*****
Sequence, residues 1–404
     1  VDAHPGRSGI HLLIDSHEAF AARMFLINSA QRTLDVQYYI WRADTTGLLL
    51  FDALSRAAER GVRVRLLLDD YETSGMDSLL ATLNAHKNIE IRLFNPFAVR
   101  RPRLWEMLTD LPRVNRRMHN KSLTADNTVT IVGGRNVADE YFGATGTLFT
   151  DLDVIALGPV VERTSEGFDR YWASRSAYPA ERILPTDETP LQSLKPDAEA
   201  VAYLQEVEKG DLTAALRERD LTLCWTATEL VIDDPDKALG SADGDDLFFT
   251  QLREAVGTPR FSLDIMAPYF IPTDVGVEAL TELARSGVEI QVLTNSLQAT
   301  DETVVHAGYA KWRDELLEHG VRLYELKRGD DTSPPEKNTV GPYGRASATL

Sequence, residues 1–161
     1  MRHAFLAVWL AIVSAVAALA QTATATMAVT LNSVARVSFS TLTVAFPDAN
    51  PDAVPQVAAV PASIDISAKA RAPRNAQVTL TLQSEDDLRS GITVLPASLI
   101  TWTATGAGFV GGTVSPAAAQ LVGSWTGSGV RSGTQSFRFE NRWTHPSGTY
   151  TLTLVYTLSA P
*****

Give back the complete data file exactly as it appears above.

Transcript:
Sequence, residues 1–404
     1  VDAHPGRSGI HLLIDSHEAF AARMFLINSA QRTLDVQYYI WRADTTGLLL
    51  FDALSRAAER GVRVRLLLDD YETSGMDSLL ATLNAHKNIE IRLFNPFAVR
   101  RPRLWEMLTD LPRVNRRMHN KSLTADNTVT IVGGRNVADE YFGATGTLFT
   151  DLDVIALGPV VERTSEGFDR YWASRSAYPA ERILPTDETP LQSLKPDAEA
   201  VAYLQEVEKG DLTAALRERD LTLCWTATEL VIDDPDKALG SADGDDLFFT
   251  QLREAVGTPR FSLDIMAPYF IPTDVGVEAL TELARSGVEI QVLTNSLQAT
   301  DETVVHAGYA KWRDELLEHG VRLYELKRGD DTSPPEKNTV GPYGRASATL

Sequence, residues 1–161
     1  MRHAFLAVWL AIVSAVAALA QTATATMAVT LNSVARVSFS TLTVAFPDAN
    51  PDAVPQVAAV PASIDISAKA RAPRNAQVTL TLQSEDDLRS GITVLPASLI
   101  TWTATGAGFV GGTVSPAAAQ LVGSWTGSGV RSGTQSFRFE NRWTHPSGTY
   151  TLTLVYTLSA P